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ro222000@yahoo.com 03-16-2006 04:42 PM

newbie slide scanner advice
 
Hi,

In addition to my own collection of slides, I've just inherited 20+
carousels of slides from my late father. I need to scan them, both to
keep as digital images and for making prints (up to 8x10) and would
like to do it myself rather than send them out. I'm looking for good
info on possible scanners to purchase, and of course am balancing the
quality vs. cost concern for the equipment. Can anyone recommend a
website with info and reviews (I'd love an overview of what's out
there, and price ranges), and/or a particular slide scanner to
purchase?

Many thanks for advice!

Sally


m Ransley 03-16-2006 04:55 PM

Re: newbie slide scanner advice
 
Im no pro at this but looking for the same for old Kodachromes. From
what ive read a dedicated slide- film scanner is the way to go. If 8x10
or larger and quality is what you will want then the better Nikon
scanners are a minimum starting point and should do well.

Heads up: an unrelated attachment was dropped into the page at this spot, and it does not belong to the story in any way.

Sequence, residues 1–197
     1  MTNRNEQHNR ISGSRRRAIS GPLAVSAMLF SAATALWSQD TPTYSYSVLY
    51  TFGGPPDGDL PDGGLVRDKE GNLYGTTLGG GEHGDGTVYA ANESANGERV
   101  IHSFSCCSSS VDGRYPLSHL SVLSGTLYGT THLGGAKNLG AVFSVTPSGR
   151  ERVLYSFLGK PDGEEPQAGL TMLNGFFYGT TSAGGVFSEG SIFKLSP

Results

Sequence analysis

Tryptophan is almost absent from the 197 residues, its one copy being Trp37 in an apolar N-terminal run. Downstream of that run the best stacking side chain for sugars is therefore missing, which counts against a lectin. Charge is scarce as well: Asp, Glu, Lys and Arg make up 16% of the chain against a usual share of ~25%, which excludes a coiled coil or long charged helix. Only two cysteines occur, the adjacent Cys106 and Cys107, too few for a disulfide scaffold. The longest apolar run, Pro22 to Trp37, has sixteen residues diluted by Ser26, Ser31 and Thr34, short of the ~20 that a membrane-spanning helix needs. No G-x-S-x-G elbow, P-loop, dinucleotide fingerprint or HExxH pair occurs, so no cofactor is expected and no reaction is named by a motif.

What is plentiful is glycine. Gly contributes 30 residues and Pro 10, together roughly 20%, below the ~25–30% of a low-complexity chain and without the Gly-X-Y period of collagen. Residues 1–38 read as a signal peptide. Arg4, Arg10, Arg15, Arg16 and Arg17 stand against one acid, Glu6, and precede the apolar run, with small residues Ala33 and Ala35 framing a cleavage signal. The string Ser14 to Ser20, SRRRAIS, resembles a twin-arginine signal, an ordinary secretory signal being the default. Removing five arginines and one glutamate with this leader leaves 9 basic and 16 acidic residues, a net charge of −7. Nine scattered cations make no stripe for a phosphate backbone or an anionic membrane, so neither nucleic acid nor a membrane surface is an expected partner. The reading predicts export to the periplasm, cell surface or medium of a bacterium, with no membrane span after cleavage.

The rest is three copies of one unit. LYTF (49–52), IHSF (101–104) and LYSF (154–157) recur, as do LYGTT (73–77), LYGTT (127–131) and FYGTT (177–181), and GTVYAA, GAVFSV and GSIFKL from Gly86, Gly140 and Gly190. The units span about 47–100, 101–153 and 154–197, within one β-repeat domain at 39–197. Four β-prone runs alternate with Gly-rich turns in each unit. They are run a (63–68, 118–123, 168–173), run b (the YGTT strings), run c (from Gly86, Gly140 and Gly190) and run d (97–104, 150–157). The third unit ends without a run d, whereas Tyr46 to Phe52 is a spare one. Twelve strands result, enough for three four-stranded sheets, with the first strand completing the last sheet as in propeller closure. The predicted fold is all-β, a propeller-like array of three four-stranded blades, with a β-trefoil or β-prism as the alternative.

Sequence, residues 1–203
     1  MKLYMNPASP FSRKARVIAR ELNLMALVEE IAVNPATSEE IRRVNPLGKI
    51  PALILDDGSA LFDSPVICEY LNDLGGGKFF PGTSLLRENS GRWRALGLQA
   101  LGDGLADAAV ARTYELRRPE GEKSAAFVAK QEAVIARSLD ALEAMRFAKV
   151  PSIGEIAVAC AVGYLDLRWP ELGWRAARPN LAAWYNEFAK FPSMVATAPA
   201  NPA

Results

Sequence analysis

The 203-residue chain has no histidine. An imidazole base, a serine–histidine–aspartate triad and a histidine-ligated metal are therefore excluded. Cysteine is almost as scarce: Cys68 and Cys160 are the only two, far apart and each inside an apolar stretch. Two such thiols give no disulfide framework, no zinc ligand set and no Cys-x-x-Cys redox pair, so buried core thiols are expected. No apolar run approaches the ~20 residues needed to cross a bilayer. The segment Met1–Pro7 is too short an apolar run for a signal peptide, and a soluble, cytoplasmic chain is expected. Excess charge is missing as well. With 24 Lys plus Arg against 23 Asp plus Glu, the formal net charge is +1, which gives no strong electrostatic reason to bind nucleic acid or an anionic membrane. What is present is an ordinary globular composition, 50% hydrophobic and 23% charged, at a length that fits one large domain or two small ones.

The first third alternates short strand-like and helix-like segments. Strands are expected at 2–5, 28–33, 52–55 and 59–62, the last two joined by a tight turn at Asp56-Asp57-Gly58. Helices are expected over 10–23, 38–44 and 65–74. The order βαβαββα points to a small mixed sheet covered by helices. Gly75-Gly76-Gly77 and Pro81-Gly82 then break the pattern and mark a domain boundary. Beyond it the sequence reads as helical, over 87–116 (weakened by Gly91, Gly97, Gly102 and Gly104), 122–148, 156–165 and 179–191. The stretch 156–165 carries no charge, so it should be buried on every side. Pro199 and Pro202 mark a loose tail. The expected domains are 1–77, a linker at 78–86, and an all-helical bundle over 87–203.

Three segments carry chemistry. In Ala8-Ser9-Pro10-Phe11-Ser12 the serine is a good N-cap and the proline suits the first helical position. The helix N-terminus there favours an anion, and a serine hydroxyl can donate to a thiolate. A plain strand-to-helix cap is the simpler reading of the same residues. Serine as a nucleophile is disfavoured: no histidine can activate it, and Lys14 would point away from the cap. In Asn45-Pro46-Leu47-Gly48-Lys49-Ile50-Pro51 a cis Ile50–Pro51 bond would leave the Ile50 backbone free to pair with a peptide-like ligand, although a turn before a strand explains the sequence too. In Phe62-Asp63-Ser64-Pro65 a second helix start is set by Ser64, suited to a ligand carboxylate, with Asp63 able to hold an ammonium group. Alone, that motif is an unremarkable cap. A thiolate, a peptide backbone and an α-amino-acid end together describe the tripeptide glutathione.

clw 03-16-2006 05:00 PM

Re: newbie slide scanner advice
 
In article <1142527349.906227.125280@p10g2000cwp.googlegroups .com>,
ro222000@yahoo.com wrote:

> Hi,
>
> In addition to my own collection of slides, I've just inherited 20+
> carousels of slides from my late father. I need to scan them, both to
> keep as digital images and for making prints (up to 8x10) and would
> like to do it myself rather than send them out. I'm looking for good
> info on possible scanners to purchase, and of course am balancing the
> quality vs. cost concern for the equipment. Can anyone recommend a
> website with info and reviews (I'd love an overview of what's out
> there, and price ranges), and/or a particular slide scanner to
> purchase?
>
> Many thanks for advice!
>
> Sally


I used a Nikon CoolScan V for both slides and film strips. Slow,
particularly when scanning at high resolution and using the built in
filters, but I thought excellent results when comparing the end product
with the slides projected. I would use it with the Digital ICE turned
on unless your slides are completely free of dust. Cost about 600.00
new, but many should be available used as most folks scan all their
slides and then have no use for the scanner after that.

tomm42 03-16-2006 07:54 PM

Re: newbie slide scanner advice
 
Don't know if Minolta is still selling the 5400 slide scanner. It was a
good fairly priced product. Otherwise Nikon scanners are excellent.